Archaeologists recently discovered the remnants of an ancient Mayan water temple at Cara Blanca, tucked away in the center of one of Belize's lush forests. The structure is situated alongside a deep pool of water where Mayans from across the region gathered to sacrifice bowls, pots, and jars to the water god, and to pray for rain.
"It was a special place with a sacred function," explained Lisa Lucero, the archaeologist who led the discovery, in a recent National Geographic article.
The water temple serves as a timeline of the drought that's thought to have contributed to the Maya's demise after A.D. 800. The Mesoamerican civilization, known for their art, architecture, and fully developed pre-Columbian writing system, thrived due to plentiful rainfall for centuries. During this time, sacrifices to the water temple were irregular and seldom. But after an unexpected and dramatic shift in the climate, repeated droughts wreaked havoc on the Mayas and their water-dependent society, making the temple quite a busy place.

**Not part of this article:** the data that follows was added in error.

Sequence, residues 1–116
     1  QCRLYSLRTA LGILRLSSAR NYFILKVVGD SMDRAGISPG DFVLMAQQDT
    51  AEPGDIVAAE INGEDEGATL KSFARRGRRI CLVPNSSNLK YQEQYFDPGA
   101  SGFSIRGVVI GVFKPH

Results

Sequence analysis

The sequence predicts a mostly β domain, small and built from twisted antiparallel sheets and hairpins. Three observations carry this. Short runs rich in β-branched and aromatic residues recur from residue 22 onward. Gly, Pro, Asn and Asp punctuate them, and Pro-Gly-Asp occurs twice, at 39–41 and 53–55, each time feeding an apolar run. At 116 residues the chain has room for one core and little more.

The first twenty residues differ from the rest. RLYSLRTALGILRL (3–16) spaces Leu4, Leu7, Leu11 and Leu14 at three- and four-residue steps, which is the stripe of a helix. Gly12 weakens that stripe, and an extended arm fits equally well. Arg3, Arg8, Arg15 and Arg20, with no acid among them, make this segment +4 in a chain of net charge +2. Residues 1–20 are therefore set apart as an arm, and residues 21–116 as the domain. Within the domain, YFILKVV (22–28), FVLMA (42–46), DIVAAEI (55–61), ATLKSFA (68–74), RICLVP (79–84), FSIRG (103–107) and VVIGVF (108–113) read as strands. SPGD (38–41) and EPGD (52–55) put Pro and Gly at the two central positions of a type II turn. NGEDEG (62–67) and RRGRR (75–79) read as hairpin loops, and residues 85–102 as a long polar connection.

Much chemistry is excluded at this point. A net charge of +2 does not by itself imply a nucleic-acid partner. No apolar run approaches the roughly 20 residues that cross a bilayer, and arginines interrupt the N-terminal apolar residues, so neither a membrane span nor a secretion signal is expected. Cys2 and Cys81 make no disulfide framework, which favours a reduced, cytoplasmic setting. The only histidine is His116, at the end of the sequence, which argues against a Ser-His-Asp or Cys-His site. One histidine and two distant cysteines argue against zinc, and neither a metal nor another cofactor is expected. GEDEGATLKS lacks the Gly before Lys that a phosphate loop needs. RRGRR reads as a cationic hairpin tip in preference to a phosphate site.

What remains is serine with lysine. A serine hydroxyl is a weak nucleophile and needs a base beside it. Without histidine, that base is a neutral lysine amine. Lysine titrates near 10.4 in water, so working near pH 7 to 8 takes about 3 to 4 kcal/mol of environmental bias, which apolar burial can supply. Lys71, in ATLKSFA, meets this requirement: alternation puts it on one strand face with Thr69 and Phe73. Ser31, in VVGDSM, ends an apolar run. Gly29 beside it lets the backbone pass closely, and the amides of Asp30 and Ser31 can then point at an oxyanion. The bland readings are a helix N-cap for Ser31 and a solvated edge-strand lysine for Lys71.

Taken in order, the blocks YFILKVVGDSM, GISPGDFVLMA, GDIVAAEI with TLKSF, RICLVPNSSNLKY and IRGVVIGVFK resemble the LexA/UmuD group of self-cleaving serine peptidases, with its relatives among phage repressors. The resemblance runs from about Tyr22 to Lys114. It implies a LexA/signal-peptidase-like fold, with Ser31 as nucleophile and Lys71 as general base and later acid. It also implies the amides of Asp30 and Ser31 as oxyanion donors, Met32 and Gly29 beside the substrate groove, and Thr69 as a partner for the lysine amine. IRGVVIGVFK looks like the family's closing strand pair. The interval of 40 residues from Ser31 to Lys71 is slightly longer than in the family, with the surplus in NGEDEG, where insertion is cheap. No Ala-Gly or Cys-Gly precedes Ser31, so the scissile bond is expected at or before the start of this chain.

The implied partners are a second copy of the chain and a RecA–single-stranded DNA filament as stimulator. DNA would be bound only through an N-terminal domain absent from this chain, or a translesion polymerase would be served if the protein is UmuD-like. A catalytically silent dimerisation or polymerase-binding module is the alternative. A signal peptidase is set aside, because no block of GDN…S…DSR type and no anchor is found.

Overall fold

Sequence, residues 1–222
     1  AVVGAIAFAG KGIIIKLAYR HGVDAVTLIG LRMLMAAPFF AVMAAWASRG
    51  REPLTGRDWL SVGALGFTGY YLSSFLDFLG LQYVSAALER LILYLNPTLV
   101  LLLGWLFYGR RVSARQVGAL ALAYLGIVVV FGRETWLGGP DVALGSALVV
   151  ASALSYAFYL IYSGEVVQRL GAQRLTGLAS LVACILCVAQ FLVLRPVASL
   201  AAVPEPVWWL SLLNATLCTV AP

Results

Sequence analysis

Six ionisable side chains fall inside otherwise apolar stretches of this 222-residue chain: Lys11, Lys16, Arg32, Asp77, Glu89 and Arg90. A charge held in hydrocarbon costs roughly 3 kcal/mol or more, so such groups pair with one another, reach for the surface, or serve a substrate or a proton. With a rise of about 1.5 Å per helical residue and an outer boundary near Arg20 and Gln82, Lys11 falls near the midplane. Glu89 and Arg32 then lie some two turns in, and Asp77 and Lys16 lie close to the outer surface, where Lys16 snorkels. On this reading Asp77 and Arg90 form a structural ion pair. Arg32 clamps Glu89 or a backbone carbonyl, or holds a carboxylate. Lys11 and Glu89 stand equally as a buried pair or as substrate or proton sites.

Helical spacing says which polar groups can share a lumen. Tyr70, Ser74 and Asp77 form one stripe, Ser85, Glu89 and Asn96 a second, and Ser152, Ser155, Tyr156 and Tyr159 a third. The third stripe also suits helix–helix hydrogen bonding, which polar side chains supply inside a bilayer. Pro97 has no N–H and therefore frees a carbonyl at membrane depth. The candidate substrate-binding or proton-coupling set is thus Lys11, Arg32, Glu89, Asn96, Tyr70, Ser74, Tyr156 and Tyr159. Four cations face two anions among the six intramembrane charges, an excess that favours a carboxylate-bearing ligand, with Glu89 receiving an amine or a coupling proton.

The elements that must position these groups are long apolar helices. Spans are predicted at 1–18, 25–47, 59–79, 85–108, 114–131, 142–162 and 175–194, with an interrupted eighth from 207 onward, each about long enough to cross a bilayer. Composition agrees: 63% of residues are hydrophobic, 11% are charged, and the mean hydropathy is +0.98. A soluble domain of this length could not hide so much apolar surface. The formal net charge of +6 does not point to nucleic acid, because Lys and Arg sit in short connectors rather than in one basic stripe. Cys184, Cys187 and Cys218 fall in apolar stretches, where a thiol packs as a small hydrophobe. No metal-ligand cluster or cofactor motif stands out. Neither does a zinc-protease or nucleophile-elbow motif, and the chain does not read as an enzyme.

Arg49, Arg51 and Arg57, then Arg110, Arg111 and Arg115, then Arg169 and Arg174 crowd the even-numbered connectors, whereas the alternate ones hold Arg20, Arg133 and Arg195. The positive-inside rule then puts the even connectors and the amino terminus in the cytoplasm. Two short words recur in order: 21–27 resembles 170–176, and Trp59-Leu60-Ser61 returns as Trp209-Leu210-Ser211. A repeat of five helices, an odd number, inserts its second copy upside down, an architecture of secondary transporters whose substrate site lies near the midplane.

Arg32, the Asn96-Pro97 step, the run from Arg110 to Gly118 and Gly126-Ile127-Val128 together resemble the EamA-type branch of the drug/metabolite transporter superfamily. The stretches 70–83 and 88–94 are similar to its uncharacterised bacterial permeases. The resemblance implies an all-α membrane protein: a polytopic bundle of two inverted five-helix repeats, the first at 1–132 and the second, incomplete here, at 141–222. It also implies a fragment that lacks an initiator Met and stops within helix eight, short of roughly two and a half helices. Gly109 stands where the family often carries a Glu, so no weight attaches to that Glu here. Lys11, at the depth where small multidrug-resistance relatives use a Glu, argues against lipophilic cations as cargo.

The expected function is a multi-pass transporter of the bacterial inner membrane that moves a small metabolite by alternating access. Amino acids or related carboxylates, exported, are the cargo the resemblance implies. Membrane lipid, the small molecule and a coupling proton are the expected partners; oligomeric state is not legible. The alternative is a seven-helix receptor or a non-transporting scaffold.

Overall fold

Archaeologists also suspect that this lack of rain ignited a "drought cult" of people who understandably became obsessed with pleasing Chaak, the ancient Maya rain god. But despite their daily sacrifices and prayers, Chaak and his friends in the underworld continued to withhold rain, unraveling the Maya’s intricate agriculture system.
"I do agree this was likely a shrine where ritual practices took place that point to times getting tough for people," Holley Moyes of University of California, Merced told National Geographic. "When you start getting down to actual drought, we are starting to see sacrifices picking up across the Maya world."
Want to learn more about the Maya and their relationship to water and agriculture? Check out these fascinating, free articles from the Journal of Field Archaeology: